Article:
The Missing Articles
You might be wondering where Fed-Watch has been the last couple of weeks. Here at home, my computer finally gave up after six years of hard service. Along with stricter deadlines being imposed by our editor (I’m always notoriously late with these things) this means that I simply haven’t been able to get the articles in on time. To make up for that, I’m going to run through a few of the highlights of the last couple of weeks and try to get ahead for the next week. We’ll see how well this approach works out.
Alberta Students get Real-Time Loan Information
A couple of weeks ago, the Alberta Government announced that Alberta Students’ Finance applicants could now apply online and get back a result instantly telling them how much they’ll be receiving through student loans. The process has taken over 11 million dollars and four years to put into place. Of course, this still doesn’t address the problems with getting the paperwork to the right office, getting it processed there and getting into your course, but at least it’s a start.
Reference: Alberta Advanced Education (2005, July 18). Real-time, post-secondary student loan information only a click away: Students can now see immediate results of their funding applications. Retrieved from
Third Way for Alberta Health Care
The Alberta Government has also announced it is in the planning stages of developing its “Third Way” for tackling health care. Most of the ideas in its current development seem reasonable to me, except for the one where people can decide to pay extra for “extra” medical benefits beyond what is medically necessary. The trick here is that this really does open the way for a two-tiered health care system because it all rests on what is defined as medically necessary. After all, once the way is opened, it could just as easily be decided that all that’s “medically necessary” to treat a bad knee is a peg-leg. For those that want to pay extra, however, their options might include the “special” knee surgery.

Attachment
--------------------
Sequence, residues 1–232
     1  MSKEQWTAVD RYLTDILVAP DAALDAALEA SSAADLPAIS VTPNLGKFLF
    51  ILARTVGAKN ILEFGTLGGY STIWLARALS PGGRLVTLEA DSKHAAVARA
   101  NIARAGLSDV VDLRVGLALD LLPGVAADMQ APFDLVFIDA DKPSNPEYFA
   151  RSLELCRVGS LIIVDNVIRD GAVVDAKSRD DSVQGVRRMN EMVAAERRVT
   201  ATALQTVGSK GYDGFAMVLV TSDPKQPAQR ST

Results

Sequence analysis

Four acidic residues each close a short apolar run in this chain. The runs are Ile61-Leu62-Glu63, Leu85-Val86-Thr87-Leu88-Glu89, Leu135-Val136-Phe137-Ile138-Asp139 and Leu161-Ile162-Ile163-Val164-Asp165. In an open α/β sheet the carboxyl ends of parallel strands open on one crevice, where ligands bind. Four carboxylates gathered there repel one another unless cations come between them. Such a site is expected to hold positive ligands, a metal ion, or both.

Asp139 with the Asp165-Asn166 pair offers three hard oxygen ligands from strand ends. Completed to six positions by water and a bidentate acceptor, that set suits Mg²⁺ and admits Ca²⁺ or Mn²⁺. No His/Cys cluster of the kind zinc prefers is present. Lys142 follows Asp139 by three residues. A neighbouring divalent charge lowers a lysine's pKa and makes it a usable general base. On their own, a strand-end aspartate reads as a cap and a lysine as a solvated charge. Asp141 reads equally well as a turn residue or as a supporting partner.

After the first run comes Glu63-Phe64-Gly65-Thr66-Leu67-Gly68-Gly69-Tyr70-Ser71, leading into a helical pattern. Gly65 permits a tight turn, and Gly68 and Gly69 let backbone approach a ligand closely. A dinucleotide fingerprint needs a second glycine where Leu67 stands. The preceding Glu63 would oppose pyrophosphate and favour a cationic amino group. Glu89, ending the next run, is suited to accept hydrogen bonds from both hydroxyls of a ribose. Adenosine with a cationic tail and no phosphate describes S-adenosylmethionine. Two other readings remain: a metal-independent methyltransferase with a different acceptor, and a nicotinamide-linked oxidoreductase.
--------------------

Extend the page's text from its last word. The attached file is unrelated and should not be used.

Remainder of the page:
Not that I’m suggesting that’s what will happen, but any type of system that differentiates between the best care possible and the minimum care required runs that type of risk.
Reference: Alberta Health and Wellness (2005, July 28). Getting on with better health care. Retrieved from http://www.health.gov.ab.ca/about/reform/getting.html
$6 Million for Low Income Nova Scotia Students
In conjunction with the Millenium Scholarship Foundation, Nova Scotia is offering six million dollars to low-income Nova Scotia students. This money comes in the form of scholarships ranging from $500 to $2,500 to address students needs when financial aid does not meet their total required expenses for school. As well, eligible students will receive $1,000 to be applied against their student loan debt.
Reference: Nova Scotia Education (2005, July 19). $6 Million for low-income Nova Scotia students. Retrieved from http://www.gov.ns.ca/news/details.asp?id=20050719003
Ontario Consumers Get New Protections
The Ontario government has introduced some significant new consumer protection laws. These laws make it easier for consumers buying things that typically use high-pressure sales techniques (such as fitness clubs, time-shares, etc.) to cancel their purchase after the fact. It also enforces reasonably accurate estimates by home renovation companies, a protection sorely needed because once a person’s house is torn apart, it’s easy for a renovation company to force the owner to pay significantly higher costs than the amount that was first agreed on. After all, a person can not leave their house partially taken apart for very long. Another notable protection is that of negative option billing, where customers who receive goods or services that they did not request can not be made to pay for them. I have to wonder what effect this particular protection will have with respect to satellite television signals.